Quick Look: Cabo (Second Edition)
From the publisher:
Spy, swap, and peek to find Cabo the unicorn in this simple card game.
Your goal in CABO is to minimize the total value of your cards, but you don’t know what all your cards are at the beginning of the game. By using certain powers to peek at your own cards, spy on your opponent’s cards, or swap a card with an opponent, you can try to minimize the value of your cards. When you think you have the lowest value, you can call “CABO” to end the round, but everyone else gets another turn. In the end, the player with the lowest total wins; can you shed your cards quicker than your opponents?
Find more info on BoardGameGeek.com
Overview and Theme:
Cabo is a classic-style family card game, similar to Golf (played with a regular deck of cards) or Rat-a-Tat Cat (marketed towards kids). This new second edition of the game has eye-catching artwork and a few extra rules that add to the interest.
According to the rule sheet, players are trying to find CABO, the mythical unicorn! There is a little spying and sneaky work going on as you try to close the gap by lowering the total on your cards, but in my opinion, the theme is less important than the basic gameplay and the striking art.
Components and Setup:
Cabo is quick to set up: shuffle the deck of 52 cards, hand out player aid cards for those who need them, and go.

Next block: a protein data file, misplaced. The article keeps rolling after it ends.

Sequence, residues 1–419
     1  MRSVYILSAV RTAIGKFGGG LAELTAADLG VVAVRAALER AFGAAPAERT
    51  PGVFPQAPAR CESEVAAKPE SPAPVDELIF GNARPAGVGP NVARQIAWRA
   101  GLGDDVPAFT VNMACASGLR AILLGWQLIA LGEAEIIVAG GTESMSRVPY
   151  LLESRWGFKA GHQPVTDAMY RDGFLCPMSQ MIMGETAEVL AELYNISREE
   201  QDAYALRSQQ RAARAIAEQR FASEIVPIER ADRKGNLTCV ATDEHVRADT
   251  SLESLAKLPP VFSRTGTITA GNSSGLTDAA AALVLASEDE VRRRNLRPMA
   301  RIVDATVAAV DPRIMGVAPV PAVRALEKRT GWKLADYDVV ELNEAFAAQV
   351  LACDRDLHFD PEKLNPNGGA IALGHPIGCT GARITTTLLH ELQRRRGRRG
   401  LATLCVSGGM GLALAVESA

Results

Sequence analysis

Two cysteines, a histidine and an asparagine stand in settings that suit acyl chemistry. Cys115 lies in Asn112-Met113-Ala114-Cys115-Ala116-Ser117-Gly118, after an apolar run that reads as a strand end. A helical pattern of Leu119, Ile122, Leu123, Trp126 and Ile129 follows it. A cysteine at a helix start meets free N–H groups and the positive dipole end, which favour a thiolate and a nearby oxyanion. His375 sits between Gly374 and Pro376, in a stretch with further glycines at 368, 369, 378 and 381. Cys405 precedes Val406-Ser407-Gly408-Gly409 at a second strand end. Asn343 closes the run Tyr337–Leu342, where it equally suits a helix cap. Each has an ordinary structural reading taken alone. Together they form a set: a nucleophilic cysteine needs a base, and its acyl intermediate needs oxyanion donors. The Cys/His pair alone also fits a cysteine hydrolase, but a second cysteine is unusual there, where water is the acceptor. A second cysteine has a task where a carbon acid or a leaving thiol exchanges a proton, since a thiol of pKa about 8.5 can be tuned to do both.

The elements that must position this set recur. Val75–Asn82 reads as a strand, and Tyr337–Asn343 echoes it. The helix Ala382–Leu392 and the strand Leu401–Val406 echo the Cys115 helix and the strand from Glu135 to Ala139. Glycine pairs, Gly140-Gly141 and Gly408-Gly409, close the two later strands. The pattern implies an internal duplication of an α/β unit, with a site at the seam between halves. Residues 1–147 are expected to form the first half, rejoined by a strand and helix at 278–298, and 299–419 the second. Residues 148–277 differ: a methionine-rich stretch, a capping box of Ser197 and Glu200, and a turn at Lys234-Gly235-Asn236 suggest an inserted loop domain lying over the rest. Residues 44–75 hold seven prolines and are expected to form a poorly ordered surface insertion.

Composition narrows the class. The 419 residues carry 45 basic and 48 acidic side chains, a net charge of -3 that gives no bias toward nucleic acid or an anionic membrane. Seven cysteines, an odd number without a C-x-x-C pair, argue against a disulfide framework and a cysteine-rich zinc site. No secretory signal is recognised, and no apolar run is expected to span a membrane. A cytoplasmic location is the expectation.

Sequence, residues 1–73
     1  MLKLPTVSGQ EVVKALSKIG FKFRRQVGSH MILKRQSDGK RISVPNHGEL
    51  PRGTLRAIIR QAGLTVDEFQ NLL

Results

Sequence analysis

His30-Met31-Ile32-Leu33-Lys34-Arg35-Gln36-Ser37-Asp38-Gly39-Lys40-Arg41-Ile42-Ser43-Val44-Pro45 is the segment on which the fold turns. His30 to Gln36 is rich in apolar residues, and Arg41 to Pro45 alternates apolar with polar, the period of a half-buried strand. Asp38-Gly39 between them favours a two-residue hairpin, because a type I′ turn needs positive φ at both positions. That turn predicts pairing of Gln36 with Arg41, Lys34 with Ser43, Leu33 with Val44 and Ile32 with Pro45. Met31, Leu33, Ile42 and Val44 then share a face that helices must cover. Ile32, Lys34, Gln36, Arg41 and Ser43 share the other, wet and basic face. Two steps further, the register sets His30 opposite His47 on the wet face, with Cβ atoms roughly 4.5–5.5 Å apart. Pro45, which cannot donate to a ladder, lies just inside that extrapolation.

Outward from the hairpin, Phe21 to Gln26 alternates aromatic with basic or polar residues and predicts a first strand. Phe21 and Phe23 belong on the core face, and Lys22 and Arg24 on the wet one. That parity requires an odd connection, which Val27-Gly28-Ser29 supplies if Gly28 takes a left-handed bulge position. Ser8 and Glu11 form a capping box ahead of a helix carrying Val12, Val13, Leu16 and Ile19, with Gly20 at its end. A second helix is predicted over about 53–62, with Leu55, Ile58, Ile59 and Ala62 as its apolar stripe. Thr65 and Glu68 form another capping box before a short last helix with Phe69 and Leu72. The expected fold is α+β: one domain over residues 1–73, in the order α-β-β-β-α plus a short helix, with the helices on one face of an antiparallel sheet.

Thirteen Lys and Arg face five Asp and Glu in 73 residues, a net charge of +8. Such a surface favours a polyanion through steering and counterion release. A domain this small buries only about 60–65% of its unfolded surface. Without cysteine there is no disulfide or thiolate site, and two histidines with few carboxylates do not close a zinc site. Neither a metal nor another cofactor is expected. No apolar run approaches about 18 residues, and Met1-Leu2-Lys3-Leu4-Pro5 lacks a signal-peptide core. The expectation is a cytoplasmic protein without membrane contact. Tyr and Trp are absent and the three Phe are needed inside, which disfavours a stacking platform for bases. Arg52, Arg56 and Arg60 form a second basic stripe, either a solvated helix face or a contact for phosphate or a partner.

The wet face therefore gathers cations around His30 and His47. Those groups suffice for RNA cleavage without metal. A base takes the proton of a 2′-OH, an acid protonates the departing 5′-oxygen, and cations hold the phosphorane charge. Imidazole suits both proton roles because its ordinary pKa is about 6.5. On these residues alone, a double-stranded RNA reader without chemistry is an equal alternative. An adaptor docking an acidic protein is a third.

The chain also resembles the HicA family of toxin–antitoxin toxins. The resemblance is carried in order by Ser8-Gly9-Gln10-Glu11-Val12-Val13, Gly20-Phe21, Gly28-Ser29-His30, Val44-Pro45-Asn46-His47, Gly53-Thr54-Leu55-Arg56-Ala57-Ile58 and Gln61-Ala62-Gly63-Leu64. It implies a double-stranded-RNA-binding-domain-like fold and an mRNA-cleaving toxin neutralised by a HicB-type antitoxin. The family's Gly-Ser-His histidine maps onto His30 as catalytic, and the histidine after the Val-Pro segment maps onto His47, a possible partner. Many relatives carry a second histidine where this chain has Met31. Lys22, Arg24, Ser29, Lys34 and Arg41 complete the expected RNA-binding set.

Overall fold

A note about the components…I’ve already slipped it in twice before this section, and this probably won’t be the last you hear about it: we’ve been swept away by the adorably quirky spy-and-animal themed artwork by Agus Muqith. It’s just delightful, and the linen-finish cards are a pleasure to hold.
My only quibble here is that I have a personal vendetta against tuck boxes…the top flap always gets ripped or bent, the components at the bottom (in this case, a section of foam and the score pad) get stuck or crumpled, etc. Give me a good ol’ two-part box any day!
Game Play and Mechanics:
The game play for Cabo is based on memory, number sense, and strategy.
At the beginning of each round, players are dealt 4 cards face down on the table in front of them, and can only peek at 2 of them. Players take turns drawing from the deck or the discard pile to replace the cards with (hopefully) lower values. When one player feels they have the lowest total on the table, they call “Cabo!” and each other player gets one more turn. All cards are flipped up, and the lowest total wins the round. The game continues in a series of rounds until one player has reached 100 points, and at that time, the lowest scoring player wins.
Cabo adds some layers of strategy and interest to the basic game, including cards that allow you to Peek at one of your own cards, Spy on one of an opponent’s cards, or Swap one of your cards for one from an opponent’s row.
Cards that you pull from the discard pile remain face up, so that although you may now have a helpfully low number, your opponents also know what and where it is and can Swap for it if they get the chance!